The Relentless Neurotic Nature: Inside the Mind of an Obsessive Stalker

Obsessive StalkerIn 1990, California passed the country’s first ever anti-stalking statute after a deluded fan killed a famous television actress. The law defines stalking as an unwanted and repeated contact with a certain person that causes that person to feel that their life is in danger. Private investigators in Colorado are among the few experts who understand how to deal with this odd character. Several studies have been conducted to try and understand them. What were they able to find out?

The Relentless Neurotic Nature

In 2006, Brian Spitzberg, a psychologist from the San Diego State University organized an extensive study regarding the stalking behavior across three continents. He discovered that eight to 32 percent of females and two to 13 percent of males became victims of stalking at one point in their life, and most of the time the culprit was someone they knew.

The incessant obsessive stalkers badger their targets by repeatedly contacting them and sending them gifts or letters. If these actions don’t get the attention of their victims, they will resort to more invasive approaches like unexpectedly confronting them or spying on them. The research only concentrated on the impact on the victim’s lives, but it doesn’t analyze the motives of the stalkers and how to treat them.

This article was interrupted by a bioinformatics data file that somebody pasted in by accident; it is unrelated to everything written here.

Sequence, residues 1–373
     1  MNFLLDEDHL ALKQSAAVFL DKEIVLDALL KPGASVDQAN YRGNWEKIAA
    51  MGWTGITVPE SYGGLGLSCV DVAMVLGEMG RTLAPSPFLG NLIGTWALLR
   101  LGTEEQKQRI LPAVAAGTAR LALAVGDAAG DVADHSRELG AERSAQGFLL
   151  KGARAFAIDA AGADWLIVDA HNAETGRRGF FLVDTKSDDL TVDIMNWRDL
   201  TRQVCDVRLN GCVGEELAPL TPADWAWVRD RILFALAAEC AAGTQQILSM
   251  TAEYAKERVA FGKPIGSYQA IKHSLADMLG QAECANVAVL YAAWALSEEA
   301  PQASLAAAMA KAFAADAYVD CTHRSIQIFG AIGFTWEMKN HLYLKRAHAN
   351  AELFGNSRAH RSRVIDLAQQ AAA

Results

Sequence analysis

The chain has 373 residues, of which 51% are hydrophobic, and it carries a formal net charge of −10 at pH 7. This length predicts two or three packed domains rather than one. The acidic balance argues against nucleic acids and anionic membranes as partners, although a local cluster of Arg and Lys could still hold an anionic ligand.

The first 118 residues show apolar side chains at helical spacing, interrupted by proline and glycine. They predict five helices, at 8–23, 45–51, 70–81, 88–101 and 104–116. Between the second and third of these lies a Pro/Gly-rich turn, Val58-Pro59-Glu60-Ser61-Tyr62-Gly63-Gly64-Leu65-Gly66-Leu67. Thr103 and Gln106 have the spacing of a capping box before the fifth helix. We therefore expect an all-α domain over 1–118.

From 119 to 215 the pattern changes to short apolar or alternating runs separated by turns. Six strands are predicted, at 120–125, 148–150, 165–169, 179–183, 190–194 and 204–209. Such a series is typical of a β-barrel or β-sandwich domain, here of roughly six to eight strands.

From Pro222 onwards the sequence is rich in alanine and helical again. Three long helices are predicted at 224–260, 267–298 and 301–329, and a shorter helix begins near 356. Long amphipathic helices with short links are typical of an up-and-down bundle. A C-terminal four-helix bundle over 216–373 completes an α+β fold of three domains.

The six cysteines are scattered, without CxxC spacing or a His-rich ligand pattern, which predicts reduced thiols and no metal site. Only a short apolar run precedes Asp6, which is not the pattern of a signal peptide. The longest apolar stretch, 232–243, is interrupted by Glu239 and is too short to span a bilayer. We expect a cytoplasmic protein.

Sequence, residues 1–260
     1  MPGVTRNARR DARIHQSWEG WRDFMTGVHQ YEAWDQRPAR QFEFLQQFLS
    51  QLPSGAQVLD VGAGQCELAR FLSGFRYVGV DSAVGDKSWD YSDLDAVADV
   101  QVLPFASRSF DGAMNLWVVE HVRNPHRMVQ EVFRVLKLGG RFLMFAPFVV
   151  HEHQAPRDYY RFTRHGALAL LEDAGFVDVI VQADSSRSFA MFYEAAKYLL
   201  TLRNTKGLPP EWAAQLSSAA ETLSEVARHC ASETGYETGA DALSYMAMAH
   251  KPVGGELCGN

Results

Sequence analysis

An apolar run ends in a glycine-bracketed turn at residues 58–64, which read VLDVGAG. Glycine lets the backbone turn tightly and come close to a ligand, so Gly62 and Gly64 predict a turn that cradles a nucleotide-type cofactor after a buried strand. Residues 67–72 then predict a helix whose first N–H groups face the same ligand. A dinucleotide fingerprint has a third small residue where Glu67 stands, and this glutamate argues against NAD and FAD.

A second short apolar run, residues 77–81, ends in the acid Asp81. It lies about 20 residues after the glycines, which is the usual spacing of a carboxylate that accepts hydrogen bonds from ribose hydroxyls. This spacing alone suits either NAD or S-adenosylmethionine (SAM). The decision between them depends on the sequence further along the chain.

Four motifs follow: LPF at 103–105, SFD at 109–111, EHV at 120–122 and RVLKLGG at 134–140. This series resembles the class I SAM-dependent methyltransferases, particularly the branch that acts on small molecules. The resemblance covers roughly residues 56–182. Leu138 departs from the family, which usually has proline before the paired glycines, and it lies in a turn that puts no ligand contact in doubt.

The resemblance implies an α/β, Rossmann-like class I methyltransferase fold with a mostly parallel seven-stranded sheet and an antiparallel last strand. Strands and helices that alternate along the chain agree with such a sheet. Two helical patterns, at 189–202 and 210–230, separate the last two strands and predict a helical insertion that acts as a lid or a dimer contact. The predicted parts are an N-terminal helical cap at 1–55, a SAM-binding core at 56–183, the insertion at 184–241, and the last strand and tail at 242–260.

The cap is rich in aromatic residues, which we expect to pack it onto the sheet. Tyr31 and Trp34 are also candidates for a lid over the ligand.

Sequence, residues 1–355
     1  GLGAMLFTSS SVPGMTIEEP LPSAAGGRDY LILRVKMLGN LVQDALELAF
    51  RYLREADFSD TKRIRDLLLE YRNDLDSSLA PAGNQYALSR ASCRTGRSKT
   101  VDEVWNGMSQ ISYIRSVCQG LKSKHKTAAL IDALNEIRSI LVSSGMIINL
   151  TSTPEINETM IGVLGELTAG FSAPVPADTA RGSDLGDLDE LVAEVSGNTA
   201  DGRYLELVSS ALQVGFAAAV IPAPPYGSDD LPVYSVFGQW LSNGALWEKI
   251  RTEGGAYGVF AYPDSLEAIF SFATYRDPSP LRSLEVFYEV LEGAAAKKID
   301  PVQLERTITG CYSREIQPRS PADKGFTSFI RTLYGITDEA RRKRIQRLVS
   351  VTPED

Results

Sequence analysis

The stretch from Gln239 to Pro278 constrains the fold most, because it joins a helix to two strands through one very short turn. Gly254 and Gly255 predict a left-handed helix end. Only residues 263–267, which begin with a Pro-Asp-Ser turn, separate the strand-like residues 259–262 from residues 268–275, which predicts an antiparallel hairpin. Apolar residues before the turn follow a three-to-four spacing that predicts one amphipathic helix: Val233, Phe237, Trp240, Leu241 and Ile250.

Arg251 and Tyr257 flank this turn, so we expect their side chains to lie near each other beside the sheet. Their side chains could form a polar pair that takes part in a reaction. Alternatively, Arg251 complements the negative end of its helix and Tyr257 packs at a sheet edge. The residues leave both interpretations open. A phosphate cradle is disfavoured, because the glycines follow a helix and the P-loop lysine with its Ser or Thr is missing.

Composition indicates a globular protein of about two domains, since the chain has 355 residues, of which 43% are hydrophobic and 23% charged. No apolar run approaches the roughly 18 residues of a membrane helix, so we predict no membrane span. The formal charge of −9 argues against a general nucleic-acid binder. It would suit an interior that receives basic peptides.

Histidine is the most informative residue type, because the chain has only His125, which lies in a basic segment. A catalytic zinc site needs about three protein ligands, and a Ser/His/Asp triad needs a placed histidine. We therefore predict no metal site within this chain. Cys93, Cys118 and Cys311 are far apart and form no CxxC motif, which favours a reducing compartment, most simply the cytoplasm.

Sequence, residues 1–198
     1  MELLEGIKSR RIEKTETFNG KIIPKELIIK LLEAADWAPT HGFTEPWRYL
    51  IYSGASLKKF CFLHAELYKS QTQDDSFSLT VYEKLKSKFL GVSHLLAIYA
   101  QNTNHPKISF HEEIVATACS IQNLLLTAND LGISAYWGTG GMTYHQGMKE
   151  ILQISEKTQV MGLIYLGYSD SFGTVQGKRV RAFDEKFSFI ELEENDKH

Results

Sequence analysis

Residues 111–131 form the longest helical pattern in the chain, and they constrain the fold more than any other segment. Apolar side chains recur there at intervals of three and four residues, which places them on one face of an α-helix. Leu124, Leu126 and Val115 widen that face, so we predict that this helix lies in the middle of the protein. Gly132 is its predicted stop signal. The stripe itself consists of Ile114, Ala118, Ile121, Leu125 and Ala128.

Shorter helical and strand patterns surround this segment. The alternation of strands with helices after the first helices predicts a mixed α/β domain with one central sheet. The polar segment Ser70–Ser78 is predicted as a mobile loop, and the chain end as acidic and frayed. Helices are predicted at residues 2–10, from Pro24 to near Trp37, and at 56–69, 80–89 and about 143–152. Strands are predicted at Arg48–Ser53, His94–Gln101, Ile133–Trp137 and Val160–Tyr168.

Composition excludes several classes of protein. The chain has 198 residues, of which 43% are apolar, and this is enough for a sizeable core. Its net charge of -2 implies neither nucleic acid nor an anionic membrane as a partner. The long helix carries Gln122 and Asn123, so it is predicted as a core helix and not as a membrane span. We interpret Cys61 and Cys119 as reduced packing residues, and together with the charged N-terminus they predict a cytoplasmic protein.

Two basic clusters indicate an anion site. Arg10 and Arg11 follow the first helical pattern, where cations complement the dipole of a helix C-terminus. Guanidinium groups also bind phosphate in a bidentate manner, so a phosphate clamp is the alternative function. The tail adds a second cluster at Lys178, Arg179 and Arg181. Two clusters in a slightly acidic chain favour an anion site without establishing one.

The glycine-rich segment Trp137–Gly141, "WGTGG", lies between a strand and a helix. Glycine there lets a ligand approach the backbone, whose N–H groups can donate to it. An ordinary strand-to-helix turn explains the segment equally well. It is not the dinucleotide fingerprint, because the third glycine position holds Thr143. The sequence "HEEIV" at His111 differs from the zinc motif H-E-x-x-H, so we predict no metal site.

The Possible Reasons for the Behavior

Katrina Baum, a researcher from the National Institute of Justice in Washington, started the national stalking victimization study in 2009. The study involved asking victims plausible reasons why they are chosen as a target. Out of 3,416,460 participants, 23.4 percent replied “mental illness or emotional stability,” 32.9 percent believed it was “control” and 36.6 percent said “retaliation, anger or spite.”

In reality, the majority of stalkers doesn’t experience delusions or hallucinations. However, there are still a few who suffer from some form of mental illness like personality disorders, erotomania, substance abuse and depression.

The motives for each stalker differs and just like psychopaths, no one really knows what’s happening in their twisted minds. Several studies have tried to peer inside their brain processes, but failed. In time, researchers will be able to figure out the trigger for these odd characters.